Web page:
Wait a minute…
It stops. Abruptly.
This vehicle massing thousands of tons was traveling at 300 mph one moment… and is suddenly at a complete stop seconds later? How the hell did that happen? More to the point, why? Even if we stipulate to the fantasy premise that a bullet train could brake as quickly as an automobile, why would they choose to stop the train when a fiery crashing helicopter was coming right at them from behind?!!! I’m sorry, this makes as little sense as the Bible non-clue.
So anyway, Kittredge annoyingly turns out not to be the bad guy, and he arrests Max, who flirts with him too, proving she has no standards. And Ethan and Luther are pardoned, but Ethan doesn’t see much point to the work anymore and plans to leave. But he gets an offer of a mission from a flight attendant just like Phelps did at the start, and that’s when the movie ends, with the end titles giving us a modernized version of the Schifrin theme courtesy of a couple of members of U2.
This is a very, very flawed movie. There are parts of it that work. The teaser, main titles, and briefing scene feel authentic, and while the Prague caper is a little off and the initial team rather nondescript (and lacking in racial diversity), it’s fairly well-handled. And the Langley set piece is really nifty, the highlight of the film. And Elfman’s music is pretty good, a lively action-movie score that quotes or paraphrases snippets of “The Plot” at key moments (though never uses the whole melody, continuing the trend established by John E. Davis in the revival) and occasionally breaks into big statements of the main title theme. But a lot of the rest doesn’t work well, or just plain doesn’t make a damn bit of sense. There are enormous plot holes and implausibilities, as I’ve described. The characters lack depth and clear motivation and don’t give us much reason to care about them. Some directorial touches are interesting but not successful; for instance, there are a couple of sequences that are shot from Ethan’s POV without showing his face, as if to create suspense about what face he’s wearing, but in the first case it’s a face we’ve already been shown (in video footage of the senator as Ethan practiced mimicking him) and in the second it’s just his own face. And the actors are directed too broadly. Like Cruise, Ving Rhames seems lesser here than he’s been elsewhere, including later in this franchise. Emmanuelle Beart is stunningly lovely and waifish, but just okay as an actress. Jon Voight is actually a pretty good choice as a replacement for Peter Graves, bearing a certain resemblance in his features and his manner, at least until he’s revealed as the baddie.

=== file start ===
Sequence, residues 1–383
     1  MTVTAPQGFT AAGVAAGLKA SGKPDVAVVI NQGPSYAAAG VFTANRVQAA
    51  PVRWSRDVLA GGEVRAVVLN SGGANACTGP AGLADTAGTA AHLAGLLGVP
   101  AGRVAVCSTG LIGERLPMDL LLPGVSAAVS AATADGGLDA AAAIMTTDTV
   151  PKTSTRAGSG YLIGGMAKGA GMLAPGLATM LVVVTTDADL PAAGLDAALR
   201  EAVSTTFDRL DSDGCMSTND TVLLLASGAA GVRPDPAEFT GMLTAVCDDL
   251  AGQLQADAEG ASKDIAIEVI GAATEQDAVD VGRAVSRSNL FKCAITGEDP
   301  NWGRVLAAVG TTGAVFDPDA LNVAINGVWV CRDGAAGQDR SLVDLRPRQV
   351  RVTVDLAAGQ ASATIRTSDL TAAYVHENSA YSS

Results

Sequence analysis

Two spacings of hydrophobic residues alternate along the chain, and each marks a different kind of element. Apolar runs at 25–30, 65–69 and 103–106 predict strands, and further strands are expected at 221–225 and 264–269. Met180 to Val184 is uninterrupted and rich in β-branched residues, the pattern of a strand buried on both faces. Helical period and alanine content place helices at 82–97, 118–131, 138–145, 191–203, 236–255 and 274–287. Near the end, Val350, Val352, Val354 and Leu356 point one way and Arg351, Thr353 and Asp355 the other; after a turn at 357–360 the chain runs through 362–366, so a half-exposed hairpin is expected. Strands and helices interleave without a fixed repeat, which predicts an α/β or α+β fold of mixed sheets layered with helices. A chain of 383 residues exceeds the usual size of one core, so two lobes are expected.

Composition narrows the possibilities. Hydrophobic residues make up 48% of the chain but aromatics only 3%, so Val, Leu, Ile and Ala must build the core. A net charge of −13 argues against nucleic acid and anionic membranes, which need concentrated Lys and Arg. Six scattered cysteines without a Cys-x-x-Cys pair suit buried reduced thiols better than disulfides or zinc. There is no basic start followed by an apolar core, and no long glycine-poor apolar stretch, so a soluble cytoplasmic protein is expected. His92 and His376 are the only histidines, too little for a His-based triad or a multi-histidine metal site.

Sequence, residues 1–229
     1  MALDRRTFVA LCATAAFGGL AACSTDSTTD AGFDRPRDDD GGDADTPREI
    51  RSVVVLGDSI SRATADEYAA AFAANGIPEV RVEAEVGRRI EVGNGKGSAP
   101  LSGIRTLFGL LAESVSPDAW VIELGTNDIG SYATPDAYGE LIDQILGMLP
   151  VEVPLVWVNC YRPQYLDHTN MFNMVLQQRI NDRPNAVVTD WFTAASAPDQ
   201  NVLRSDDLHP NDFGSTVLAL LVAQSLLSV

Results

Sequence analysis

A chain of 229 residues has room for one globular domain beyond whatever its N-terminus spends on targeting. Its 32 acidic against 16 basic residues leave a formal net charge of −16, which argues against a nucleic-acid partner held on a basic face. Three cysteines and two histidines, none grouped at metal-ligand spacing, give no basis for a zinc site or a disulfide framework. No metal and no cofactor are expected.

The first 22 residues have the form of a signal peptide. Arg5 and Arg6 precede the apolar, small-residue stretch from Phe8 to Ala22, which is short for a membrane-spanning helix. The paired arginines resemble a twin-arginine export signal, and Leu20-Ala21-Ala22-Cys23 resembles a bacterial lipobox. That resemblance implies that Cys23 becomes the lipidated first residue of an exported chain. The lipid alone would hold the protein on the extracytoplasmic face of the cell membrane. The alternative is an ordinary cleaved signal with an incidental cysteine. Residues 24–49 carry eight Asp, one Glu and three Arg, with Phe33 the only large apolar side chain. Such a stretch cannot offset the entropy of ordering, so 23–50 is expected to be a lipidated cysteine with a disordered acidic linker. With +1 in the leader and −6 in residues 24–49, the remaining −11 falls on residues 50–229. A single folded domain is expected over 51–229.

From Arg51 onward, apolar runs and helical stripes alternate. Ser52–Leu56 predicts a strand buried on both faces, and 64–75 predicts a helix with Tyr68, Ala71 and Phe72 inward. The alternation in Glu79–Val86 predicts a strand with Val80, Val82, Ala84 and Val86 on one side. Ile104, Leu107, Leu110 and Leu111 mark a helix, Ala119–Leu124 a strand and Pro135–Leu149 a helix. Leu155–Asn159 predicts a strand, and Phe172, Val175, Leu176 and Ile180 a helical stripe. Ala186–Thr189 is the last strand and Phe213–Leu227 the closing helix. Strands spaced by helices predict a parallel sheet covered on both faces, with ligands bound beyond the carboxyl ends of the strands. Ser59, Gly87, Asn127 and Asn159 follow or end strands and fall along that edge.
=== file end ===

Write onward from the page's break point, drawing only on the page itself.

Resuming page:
But that’s the elephant in the room, isn’t it? Jim Phelps a traitor? How do we cope with that?
Now, the obvious answer is to say the movies are a reboot, out of continuity with the series. After all, there are no characters in common beyond Phelps, and this Phelps is unlike the one we know — more like Dan Briggs, as I said, and that’s before he goes all smarmy and evil. So maybe we just treat this as a separate reality. After all, it’s not like the previous series had any real continuity to speak of, particularly since the revival series even remade episodes of the original. I’ve even said before that the original series may not all take place in a single reality.